What is "whip appeal"? It's that way of talking that's "better than words."
One of the great bedroom burners of the era, this song tells the story of a couple who don't do a lot of talking, but have a very healthy sexual relationship - they can get through a rough day knowing what's to come at night.
Babyface didn't invent the phrase "whip appeal," but he certainly popularized it. The song makes the meaning very obvious, but a glance at the title led many to believe it was either about S&M or a guy who is "whipped," meaning he's henpecked by his woman.
Perri Smith, better known as the singer Pebbles, wrote this song with Babyface, who produced it with L.A. Reid, his musical and business partner. Pebbles and Reid were a couple, and they got married around the time the album came out.
L.A. and Babyface worked on the first (self-titled) Pebbles album and wrote her breakout hit, "Girlfriend." It was her song "Mercedes Boy" that got her a deal with the label, and she wrote that one herself. Bringing a female perspective to the table, she also co-wrote the title track to Tender Lover. Her writing credit has appeared as "Perri Smith," "Perri Reid" and her birth name, "Perri McKissack."
The album version runs a relaxed 5:49, but the single was edited down to 4:31, with less "whippin' on me."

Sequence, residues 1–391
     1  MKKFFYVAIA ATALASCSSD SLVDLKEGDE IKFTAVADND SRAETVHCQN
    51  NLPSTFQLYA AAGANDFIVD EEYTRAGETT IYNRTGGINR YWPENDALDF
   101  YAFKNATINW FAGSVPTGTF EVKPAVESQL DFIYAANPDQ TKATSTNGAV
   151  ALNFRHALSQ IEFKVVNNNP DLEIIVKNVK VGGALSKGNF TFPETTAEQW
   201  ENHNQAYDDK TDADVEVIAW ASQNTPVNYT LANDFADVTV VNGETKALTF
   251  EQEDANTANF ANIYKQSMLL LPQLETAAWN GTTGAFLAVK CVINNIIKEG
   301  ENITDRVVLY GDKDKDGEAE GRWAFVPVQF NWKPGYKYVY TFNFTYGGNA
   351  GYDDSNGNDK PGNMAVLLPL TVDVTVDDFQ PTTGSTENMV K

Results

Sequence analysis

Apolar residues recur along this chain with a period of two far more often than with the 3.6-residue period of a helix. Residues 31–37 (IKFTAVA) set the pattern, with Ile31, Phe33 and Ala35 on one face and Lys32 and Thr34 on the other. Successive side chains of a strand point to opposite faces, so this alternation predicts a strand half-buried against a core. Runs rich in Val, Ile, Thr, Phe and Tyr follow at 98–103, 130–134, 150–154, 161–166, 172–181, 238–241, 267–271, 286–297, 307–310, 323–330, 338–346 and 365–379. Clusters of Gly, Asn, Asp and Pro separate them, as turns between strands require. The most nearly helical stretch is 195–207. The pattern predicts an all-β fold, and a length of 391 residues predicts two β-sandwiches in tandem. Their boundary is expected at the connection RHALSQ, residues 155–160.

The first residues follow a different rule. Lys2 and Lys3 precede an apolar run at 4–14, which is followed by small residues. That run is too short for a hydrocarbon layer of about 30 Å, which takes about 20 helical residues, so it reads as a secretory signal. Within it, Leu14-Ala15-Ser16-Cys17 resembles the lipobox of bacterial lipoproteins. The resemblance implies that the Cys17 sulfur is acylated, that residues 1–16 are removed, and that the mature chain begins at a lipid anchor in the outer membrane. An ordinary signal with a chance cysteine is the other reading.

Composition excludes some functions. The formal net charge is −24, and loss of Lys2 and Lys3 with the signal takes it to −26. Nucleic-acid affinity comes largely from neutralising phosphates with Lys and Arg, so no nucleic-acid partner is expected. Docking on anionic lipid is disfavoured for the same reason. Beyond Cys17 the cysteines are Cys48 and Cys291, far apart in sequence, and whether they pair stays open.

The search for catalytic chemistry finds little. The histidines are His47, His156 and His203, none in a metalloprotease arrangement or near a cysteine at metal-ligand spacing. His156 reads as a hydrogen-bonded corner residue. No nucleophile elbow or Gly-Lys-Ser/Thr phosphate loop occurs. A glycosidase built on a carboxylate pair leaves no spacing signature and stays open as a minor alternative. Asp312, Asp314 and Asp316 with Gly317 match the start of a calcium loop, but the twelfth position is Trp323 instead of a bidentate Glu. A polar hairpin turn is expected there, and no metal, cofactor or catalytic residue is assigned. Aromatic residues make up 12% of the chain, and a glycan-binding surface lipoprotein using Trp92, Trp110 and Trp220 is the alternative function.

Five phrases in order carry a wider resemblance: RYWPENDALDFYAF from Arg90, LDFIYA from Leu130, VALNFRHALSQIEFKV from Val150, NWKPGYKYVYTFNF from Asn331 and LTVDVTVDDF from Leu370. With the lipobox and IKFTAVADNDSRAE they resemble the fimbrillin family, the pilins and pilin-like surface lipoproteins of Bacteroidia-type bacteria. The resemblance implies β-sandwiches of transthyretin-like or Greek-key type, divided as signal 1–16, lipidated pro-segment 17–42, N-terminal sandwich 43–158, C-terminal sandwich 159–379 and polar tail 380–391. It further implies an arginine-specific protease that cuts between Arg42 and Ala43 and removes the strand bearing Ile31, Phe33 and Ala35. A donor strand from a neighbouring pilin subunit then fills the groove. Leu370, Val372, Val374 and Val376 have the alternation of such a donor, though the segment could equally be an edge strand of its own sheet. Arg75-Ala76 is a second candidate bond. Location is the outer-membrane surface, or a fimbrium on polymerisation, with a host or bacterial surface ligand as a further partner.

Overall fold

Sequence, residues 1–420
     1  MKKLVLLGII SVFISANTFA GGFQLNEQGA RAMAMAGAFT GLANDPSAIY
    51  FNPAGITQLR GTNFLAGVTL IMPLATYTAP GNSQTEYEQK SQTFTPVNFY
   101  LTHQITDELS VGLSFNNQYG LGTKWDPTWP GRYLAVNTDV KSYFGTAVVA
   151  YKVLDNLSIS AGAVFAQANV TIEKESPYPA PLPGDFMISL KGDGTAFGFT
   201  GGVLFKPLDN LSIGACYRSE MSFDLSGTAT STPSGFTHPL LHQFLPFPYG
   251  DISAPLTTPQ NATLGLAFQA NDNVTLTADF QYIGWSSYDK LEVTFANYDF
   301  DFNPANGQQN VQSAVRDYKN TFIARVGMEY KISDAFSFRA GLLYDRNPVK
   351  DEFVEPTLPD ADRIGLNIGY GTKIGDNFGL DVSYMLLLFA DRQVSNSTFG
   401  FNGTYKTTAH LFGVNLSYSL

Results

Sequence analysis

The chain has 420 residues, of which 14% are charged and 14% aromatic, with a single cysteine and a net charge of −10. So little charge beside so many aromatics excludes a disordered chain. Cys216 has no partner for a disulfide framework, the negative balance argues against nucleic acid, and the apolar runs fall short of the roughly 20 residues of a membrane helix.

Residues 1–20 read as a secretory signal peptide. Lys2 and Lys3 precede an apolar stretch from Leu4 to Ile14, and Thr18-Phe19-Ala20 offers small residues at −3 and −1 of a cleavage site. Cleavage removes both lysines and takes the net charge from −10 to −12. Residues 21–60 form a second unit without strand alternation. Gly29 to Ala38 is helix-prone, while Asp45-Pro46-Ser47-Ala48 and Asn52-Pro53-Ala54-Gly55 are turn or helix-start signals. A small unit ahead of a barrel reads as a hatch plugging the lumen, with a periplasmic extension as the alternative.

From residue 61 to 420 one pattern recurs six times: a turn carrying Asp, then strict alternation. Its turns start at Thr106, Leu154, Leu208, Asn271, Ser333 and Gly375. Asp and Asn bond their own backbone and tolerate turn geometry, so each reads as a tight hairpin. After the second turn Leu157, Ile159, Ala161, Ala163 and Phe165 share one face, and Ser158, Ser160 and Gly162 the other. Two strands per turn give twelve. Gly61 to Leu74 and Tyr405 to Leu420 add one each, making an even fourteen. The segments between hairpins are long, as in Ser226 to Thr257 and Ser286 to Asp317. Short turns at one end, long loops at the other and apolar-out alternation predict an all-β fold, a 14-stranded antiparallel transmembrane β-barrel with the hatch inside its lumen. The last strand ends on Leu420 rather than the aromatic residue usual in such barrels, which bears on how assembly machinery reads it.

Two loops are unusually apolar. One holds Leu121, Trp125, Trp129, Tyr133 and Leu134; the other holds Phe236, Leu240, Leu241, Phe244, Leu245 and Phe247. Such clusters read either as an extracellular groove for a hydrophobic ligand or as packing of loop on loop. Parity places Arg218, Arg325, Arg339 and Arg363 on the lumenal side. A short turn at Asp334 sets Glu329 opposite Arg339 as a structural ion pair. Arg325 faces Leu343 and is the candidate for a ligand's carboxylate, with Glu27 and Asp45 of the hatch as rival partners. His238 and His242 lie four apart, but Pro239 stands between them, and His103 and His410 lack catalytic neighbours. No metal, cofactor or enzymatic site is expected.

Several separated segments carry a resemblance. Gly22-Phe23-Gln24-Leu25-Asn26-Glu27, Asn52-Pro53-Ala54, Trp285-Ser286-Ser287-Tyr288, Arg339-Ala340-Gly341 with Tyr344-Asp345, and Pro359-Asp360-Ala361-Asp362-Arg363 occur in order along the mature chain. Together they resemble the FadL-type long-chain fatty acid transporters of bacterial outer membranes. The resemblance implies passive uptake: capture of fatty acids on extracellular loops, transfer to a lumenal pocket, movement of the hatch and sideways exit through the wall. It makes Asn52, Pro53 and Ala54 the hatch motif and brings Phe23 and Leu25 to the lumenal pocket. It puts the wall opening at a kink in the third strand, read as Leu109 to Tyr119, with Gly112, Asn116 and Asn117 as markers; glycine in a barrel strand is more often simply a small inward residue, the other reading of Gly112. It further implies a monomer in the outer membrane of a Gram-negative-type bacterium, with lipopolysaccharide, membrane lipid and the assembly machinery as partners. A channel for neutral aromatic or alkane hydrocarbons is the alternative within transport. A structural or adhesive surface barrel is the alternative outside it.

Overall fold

The video was directed by Jim Yukich, who did many of the Phil Collins and Genesis videos that were very popular on MTV. The "Whip Appeal" video is extended, with an opening scene where we hear a DJ talking down another Babyface track, "It's No Crime," and going into a rap about the sweltering heat and the poor folks stuck in traffic. He then throws to a live broadcast, where Holly Robinson introduces "Babyface and the L.A. Revue." We then see Babyface and his backup dancers perform the song in a lavish nightclub.
At the time, Robinson was starring in the TV series 21 Jump Street alongside Johnny Depp. She would later marry the football player Rodney Peete.
When asked about the song title, Babyface told Entertainment Weekly in 2015: "I heard that phrase and I said, 'Oh, I need to write that!' Sometimes you can hear words but there's no way you can sing it or make it feel good. People were like, 'What is 'whip appeal'?' Fortunately the song explained it. I didn't know it was going to turn into what it turned into. It feels like an even more special record now."